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CF-100 Mk. 3D dual-control trainer

Story by “turbo” tarling

3 AW(F) OTU CF-100 Mk. 3B

Mk. 3B 18174 of 3 AW(F) OTU in October 1956. Very shortly thereafter, this aircraft was converted to a Mk. 3D by Bristol Aircraft of Winnipeg. All fighter equipment was removed including radar, guns, gun sight, and navigator’s equipment. Full flight controls were installed in the rear cockpit, and the front cockpit was updated. Fifty-six CF-100 dual conversions were completed. (George Skinner)

Course 38 arrived at RCAF Station Cold Lake, Alberta, in February 1957. Everyone was anxious to begin flying the CF-100 but first there was the inevitable groundschool, crewing up of the pilots and navigators and then two weeks of flying together in the radar-equipped B-25s at Basic Flight.

Finally, in late March, we reported to 3 All-Weather (Fighter) Operational Training Unit Conversion Flight to begin training in the dual-control CF-100 Mk. 3D.

With the advantage of hindsight, and given the CF-100’s incredible almost-32-year life span, the Mk. 3Ds were mere youngsters at that time–converted Mk. 3As and Bs which had been front-line interceptor aircraft just a few years earlier.

Though looking a bit old and tired, the fact that they had been operational fighters lent the Mk. 3Ds a certain aura. Stripped of their radar and armament, they were exactly what they were supposed to be–trainers. And the Mk. 3D would have to be mastered before crews were allowed near the more modern Mk. 4As with their electronic fire-control wizardry.

The cockpit was both exciting and disappointing. It was painted, of course, in the almost-mandatory flat black that was so popular in military aircraft. The only colour relief was provided by the faded instrument markings, red and yellow emergency and cautionary levers, switches, et al., and the warning lights that were randomly scattered on the instrument panel and consoles.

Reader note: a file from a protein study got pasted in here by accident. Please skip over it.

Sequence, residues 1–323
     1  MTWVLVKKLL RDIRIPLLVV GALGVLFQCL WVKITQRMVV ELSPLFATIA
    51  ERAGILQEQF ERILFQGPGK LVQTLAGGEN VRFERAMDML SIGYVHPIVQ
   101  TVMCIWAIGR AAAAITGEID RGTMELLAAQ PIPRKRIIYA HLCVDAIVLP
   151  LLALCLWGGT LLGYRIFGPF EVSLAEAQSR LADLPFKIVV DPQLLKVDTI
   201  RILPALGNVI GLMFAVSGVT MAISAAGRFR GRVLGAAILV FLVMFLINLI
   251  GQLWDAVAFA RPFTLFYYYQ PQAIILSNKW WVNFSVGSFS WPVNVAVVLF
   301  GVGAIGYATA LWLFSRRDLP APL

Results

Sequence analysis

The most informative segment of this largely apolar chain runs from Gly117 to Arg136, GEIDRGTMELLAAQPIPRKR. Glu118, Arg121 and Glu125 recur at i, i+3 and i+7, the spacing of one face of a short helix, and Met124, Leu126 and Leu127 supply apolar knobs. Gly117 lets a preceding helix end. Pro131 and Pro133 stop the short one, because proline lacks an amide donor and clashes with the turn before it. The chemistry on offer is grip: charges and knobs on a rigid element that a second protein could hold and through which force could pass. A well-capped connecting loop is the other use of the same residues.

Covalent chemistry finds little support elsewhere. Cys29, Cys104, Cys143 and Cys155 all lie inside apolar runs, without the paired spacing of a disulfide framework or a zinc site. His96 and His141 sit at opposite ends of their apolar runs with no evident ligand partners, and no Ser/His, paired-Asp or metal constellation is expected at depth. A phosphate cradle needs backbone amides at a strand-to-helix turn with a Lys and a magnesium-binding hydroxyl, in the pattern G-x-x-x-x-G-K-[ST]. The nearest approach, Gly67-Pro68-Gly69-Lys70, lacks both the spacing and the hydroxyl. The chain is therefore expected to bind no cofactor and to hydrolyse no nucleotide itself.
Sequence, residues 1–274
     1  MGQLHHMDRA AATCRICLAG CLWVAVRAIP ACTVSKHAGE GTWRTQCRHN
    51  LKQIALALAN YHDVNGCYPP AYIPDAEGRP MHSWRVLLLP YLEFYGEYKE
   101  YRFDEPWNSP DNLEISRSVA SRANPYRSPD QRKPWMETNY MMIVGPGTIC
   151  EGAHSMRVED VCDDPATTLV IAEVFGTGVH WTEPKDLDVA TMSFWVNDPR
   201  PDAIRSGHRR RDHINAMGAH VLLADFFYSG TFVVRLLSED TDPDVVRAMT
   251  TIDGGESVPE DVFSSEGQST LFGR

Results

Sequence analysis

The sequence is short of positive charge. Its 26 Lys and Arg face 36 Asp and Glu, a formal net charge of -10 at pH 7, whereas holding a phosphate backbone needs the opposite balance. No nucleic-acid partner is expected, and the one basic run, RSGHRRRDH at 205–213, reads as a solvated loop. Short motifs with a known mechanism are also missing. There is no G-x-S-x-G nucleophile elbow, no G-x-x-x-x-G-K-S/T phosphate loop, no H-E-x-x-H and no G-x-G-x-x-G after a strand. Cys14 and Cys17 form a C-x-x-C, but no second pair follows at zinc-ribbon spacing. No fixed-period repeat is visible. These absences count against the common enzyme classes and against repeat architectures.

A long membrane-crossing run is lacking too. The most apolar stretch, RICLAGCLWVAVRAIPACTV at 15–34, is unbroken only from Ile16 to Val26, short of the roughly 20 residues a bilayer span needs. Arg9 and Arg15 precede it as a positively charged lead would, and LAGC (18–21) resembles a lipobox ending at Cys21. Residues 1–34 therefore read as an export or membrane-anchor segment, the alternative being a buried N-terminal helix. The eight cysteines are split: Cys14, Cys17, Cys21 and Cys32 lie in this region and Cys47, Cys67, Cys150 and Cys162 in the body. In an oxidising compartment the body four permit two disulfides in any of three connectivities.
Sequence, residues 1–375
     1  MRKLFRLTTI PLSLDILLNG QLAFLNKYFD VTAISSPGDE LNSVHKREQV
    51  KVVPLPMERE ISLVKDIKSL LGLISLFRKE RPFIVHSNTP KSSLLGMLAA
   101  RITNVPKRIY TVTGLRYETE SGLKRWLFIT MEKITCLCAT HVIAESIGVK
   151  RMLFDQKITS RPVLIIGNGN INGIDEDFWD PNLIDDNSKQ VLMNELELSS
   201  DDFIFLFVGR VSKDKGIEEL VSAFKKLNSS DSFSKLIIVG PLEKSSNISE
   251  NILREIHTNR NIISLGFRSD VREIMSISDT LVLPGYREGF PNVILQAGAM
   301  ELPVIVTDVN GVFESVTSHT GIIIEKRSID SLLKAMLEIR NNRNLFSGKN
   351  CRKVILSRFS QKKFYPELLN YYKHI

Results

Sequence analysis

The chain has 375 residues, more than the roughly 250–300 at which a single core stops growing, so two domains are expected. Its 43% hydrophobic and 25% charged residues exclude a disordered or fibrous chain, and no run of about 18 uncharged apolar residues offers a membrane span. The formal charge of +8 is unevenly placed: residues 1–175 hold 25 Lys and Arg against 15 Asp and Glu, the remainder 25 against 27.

The instrument panel was mounted rather low, a feature that seemed very operational at the time. Right across the top, clamouring for attention, were six fuel gauges for wing and fuselage tanks, calibrated in imperial gallons. It was a real effort reading those gauges and calculating the fuel/time remaining.

Flight and engine instruments were conventional to the extreme and looked as if they had been salvaged from surplus piston-engined aircraft. The artificial horizon was a simple, pull-to-cage/erect instrument, and the compass was fixed-card with a ± enunciator which required setting before each flight. It was situated at the very bottom of the panel. The entire flight instrument arrangement defied logic (in our limited-experience opinion) but perhaps explains the above average IFR competence of CF-100 pilots.

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